Below is a list of the things you will need to have in place when considering a social media presence for your company. If you don’t, you’re missing out on the fundamentals of Social Media Marketing and I can guarantee you the whole process won’t be as successful as it should be. Social media is like any other part of your marketing strategy; it needs to be planned, measured and improved upon over time so that you optimise your success.

1. SUITABILITYSELECT THE BEST SOCIAL MEDIA PLATFORMS FOR YOU – You’ll need to choose the best platforms for your company. We’d suggest that Facebook will work for just about everybody because of its vast reach (620 million users as of February 2011) and its superb flexibility. You can now choose from a massive range of tailoring options for your pages which can be highly beneficial when developing a strategy (More on this in upcoming blogs). Twitter might be a good option for you and Linked In is also a good one for business-to-business connections. What about visual platforms like Flickr? If you’re an accountant or a solicitor I’d say potentially not, whereas if you’re in a visual profession (architect, interiors, graphics etc.) then it’s perfect. It’s all about picking the most relevant platforms for you.

2. STRATEGY – Don’t go into social media blindly thinking that if you have a Facebook page and a load of followers then you’ve succeeded. Number of followers means nothing (unless you’ve got less than about 30!). Firstly, you need to have an idea of what you want to achieve by using social media… Is it brand loyalty? Brand awareness? Increased Sales? Customer feedback? Then you need to think about how to go about measuring and influencing that through social media. A presence without a strategy is virtually a waste of time; don’t worry, this is a mistake most people make.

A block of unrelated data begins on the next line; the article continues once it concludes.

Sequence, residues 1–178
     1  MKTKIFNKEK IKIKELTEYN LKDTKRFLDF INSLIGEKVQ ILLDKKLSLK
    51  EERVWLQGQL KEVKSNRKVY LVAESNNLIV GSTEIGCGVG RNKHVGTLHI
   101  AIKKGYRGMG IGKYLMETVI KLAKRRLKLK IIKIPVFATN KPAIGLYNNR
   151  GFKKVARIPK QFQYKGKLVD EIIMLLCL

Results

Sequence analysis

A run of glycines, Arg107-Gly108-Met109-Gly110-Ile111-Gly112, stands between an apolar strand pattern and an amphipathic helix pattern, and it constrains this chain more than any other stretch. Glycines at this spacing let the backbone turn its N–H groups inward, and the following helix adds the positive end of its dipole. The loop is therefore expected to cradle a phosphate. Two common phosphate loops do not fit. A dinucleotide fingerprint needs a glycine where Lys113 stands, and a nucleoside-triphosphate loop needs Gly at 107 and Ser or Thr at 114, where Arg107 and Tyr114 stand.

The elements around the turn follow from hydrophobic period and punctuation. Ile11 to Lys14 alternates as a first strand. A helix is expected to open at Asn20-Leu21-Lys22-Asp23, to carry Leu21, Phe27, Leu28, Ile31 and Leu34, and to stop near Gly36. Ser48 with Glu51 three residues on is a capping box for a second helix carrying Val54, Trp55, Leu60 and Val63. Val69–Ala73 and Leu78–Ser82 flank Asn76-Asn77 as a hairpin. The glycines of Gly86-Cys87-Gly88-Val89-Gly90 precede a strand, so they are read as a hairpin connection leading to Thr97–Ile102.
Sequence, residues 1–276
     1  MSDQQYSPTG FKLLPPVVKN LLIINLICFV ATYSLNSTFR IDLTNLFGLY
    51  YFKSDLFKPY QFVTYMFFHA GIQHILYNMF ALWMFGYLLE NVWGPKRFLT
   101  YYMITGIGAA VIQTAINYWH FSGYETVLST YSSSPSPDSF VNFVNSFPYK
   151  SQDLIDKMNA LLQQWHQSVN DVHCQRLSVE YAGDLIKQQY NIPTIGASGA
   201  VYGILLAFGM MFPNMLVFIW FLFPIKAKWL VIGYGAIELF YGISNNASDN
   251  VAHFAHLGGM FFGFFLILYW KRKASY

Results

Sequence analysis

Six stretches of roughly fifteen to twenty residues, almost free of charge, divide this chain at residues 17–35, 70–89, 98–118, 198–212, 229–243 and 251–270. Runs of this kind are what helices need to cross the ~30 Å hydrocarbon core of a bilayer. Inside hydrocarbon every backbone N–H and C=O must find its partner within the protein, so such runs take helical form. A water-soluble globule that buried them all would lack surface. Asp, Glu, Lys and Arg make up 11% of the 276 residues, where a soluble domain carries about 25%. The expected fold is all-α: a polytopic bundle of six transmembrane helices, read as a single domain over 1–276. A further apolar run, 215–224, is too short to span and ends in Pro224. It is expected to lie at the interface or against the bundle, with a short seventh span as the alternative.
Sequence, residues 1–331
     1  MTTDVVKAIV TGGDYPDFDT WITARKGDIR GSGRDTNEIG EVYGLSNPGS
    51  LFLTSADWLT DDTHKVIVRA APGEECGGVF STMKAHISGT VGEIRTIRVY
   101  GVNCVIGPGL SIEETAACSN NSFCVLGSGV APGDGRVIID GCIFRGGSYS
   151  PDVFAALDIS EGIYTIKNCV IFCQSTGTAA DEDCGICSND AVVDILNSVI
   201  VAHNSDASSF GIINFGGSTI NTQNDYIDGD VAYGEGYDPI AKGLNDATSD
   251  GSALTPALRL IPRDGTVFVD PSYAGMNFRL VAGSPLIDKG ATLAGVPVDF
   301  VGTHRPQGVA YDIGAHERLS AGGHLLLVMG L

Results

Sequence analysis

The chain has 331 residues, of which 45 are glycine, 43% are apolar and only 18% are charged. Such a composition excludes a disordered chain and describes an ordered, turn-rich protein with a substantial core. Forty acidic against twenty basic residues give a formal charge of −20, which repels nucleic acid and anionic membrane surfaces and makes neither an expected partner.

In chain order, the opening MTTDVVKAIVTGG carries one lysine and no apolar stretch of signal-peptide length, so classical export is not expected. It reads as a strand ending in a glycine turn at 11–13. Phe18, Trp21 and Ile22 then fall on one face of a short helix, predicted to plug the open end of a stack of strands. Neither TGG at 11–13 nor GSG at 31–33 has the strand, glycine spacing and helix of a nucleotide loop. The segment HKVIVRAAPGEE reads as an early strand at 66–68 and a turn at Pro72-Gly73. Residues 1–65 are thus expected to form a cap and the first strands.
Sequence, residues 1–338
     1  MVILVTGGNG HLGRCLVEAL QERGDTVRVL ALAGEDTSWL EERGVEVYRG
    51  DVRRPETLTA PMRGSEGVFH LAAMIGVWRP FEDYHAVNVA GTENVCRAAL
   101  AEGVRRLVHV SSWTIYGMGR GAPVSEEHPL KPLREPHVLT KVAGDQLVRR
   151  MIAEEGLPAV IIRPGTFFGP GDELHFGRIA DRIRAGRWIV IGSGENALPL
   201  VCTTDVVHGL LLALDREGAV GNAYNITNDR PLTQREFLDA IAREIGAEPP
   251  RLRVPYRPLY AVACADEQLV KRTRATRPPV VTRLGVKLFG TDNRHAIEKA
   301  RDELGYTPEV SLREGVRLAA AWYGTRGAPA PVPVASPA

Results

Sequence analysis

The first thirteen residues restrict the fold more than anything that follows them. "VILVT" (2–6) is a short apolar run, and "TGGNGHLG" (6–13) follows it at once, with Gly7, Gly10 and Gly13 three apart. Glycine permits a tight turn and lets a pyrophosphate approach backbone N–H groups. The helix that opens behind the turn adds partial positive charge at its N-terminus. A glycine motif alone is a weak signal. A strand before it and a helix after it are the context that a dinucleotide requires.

3. STATISTICS PACKAGE – You have designed a strategy and have thought about how you can measure the success of your social media platforms based on your individual objectives… Now you need to actually measure the referral rate of social media sites to your website; how many hits, how many sign-ups to your blog or newsletter? How many people commenting? Otherwise, how will you ever know what’s working and what’s not? By measuring your success you can adapt your strategy to make it more effective and ultimately more successful as a long-term prospect. Quick tip; Facebook gives you free ‘insights’ into your Facebook page stats; use them. Also implement a stats package into your website... immediately. Even if you don’t use social media! I can’t stress how important this is for your web marketing whether you use social media or not. If you are running blind with a website you will never know what other people think of it, which pages are attracting people and (more importantly) which aren’t; you will therefore never be able to adapt your plan in a focussed way to avoid failure. Check some of the stats examples here –